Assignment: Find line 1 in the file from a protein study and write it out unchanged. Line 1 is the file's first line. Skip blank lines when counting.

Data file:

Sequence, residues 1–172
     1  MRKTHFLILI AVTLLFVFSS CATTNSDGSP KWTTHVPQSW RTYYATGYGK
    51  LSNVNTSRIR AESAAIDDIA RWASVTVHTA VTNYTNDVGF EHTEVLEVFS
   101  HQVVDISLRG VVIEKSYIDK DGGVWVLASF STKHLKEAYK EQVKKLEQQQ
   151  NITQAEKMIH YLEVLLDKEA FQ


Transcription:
Sequence, residues 1–172